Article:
men and building pit
Where the new lab will arise. (Photo: Jos Wassink)

The rehousing of the Faculty of Applied Sciences to the south campus offered the opportunity to build a new laboratory for the high-tech electron accelerator, where it can operate at full blast.

The new laboratory will be an extension to the reactor building. There was a small gathering to celebrate the start of the construction last Monday 18 December 2017.

The new lab for materials research will be called APPEAL, which stands for Advanced Picosecond Pulsed Electron Accelerator Laboratory. The accelerator produces ultrashort flat fronts of electrons that hit targets at almost the speed of light.

“Studying the interaction of electrons with materials tells us about the material properties,” says Professor Laurens Siebbeles (Faculty of Applied Sciences). “It allows us to develop new materials for solar cells, LEDs, transistors or nano-electronics.”

The accelerator is not new and will be moved in from the Julianalaan. But because of the bunker’s 1.6 metre thick walls, and hence better protection from X-rays, the accelerator may finally be operated at full power. The pulse rate will be increased from 10 to 100 pulses per second, while the maximum energy will be amplified from 3 to 4.5 MeV.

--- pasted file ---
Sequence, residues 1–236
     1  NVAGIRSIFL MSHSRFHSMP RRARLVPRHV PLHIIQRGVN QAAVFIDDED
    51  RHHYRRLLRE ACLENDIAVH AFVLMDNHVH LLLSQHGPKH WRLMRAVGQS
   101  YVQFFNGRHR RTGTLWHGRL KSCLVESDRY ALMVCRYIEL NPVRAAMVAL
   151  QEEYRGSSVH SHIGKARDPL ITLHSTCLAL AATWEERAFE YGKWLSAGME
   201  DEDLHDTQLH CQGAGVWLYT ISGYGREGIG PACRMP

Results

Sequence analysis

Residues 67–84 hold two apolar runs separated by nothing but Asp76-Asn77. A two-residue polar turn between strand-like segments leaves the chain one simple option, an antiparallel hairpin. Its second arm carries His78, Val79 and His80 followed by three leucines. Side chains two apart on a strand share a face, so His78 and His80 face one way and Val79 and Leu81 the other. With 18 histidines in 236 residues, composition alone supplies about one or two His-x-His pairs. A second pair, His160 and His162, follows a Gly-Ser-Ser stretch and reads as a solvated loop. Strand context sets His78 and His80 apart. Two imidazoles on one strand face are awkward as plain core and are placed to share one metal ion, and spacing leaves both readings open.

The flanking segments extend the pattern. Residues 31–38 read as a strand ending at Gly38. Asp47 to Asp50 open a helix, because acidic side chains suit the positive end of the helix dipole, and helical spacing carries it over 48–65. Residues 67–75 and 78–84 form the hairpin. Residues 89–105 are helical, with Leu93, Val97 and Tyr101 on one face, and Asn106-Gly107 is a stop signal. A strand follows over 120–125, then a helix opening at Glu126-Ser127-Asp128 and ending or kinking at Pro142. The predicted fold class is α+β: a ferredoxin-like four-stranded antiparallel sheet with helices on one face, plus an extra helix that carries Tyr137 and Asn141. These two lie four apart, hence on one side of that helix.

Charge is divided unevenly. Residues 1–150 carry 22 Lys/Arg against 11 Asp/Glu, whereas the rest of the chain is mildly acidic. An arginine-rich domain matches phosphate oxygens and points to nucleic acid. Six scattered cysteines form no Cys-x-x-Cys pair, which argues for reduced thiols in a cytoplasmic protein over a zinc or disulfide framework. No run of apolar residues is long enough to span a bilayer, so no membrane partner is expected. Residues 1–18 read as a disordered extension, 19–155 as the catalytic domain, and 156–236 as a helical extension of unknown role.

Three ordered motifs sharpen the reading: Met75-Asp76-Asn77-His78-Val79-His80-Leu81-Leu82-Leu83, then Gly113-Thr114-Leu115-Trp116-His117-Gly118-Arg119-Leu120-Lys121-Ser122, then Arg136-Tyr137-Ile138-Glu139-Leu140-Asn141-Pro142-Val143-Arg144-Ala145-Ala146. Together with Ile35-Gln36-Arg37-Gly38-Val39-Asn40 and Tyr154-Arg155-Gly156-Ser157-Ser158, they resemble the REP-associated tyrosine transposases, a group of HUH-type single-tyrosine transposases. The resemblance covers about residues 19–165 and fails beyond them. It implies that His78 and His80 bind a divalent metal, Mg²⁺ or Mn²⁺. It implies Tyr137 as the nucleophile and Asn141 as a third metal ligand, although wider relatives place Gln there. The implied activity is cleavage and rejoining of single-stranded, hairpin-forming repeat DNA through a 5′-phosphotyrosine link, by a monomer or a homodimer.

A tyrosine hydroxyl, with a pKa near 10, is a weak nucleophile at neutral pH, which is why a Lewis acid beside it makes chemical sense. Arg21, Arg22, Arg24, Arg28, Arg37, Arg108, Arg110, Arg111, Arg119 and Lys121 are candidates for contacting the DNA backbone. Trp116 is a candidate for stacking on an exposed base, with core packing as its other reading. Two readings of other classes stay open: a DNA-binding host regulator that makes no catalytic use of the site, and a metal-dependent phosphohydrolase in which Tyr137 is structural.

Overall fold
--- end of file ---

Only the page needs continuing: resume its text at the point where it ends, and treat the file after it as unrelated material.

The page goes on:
Another enhancement is the terahertz detection about which Siebbeles comments: “We will soon be able to look deep inside the material and see exactly how the electrons move there, without having to touch the material itself.”

Technician Wybe Roodhuyzen, Professor Laurens Siebbeles and technician Martien Vermeulen at the building site. (Photo: Jos Wassink)
Technician Wybe Roodhuyzen, Professor Laurens Siebbeles and technician Martien Vermeulen at the building site. (Photo: Jos Wassink)

The laboratory, which will cost over 2 million euros to build, will be ready for research by mid-2018. The costs of the electron accelerator involve a similar amount and were covered by an NWO Vici grant that Siebbeles received in 2004 and several other grants he obtained after that.